promethium

Promethium, element 61, was discovered multiple times over the first half of the 20th century. The first was in 1924 by Italian scientists Luigi Rolla and Lorenzo Fernandes, who published their results in 1926. That year, Smith Hopkins and Len Yntema of the University of Illinois also announced discovery of the element. The American team dubbed the element illinium, after the university. From the 5 June 1926 issue of Nature:

X-ray analysis confirmed the theory and showed the presence of element number 61 in those fractions. [...] The name assigned to the element is Illinium (Il).1

But neither discovery could be confirmed.

Then in 1945, Jacob A. Marinsky, Lawrence E. Glendenin and Charles D. Coryell at Oak Ridge National Laboratory finally managed to isolate the element and have the results duplicated. They dubbed their discovery promethium. Due to the war, publication of the discovery was delayed for several years, and on 30 June 1948, the Syracuse [NY] Herald-Journal had this:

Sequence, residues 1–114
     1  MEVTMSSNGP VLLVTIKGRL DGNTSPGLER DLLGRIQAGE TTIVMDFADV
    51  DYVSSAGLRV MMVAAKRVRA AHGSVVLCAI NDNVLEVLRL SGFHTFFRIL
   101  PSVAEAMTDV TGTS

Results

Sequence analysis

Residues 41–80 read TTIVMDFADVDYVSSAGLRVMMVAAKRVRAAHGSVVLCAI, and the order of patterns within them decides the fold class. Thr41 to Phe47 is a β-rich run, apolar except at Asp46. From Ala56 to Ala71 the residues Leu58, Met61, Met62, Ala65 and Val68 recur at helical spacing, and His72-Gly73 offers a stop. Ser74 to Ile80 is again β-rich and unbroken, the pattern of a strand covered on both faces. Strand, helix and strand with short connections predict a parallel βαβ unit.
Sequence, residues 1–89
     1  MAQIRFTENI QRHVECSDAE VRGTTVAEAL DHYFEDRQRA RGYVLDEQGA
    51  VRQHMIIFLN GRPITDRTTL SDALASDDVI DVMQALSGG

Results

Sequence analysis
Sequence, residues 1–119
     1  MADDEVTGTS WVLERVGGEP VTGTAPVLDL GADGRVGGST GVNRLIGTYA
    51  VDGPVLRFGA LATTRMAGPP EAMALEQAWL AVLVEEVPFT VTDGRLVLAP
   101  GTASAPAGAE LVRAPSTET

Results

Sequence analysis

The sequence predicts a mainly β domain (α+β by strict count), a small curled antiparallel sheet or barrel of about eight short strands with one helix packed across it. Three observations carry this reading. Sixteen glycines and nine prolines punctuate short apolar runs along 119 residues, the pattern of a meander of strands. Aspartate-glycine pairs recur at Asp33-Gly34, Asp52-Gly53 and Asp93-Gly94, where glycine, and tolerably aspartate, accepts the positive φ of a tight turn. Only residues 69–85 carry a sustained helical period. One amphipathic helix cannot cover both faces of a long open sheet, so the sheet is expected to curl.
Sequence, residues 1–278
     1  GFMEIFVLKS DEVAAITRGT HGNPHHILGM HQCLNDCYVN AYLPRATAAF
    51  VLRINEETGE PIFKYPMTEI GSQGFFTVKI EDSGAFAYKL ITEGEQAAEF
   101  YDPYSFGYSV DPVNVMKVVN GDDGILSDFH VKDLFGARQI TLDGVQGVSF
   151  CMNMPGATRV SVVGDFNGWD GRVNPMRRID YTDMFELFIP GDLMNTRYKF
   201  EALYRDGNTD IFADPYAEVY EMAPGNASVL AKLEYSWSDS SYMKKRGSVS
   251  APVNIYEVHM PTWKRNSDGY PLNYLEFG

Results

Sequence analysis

The two chemists chose the name prometheum for Prometheus, the Titan in Greek mythology who stole fire from heaven for mankind’s use.2

Promethium has the chemical symbol Pm.


1Oxford English Dictionary, illinium, 2nd Edition, 1989, Oxford University Press, accessed 16 October 2009, http://dictionary.oed.com/cgi/entry/50111959.

2Oxford English Dictionary, promethium, 3rd Edition, September 2009, Oxford University Press, accessed 16 October 2009, http://dictionary.oed.com/cgi/entry/50189861

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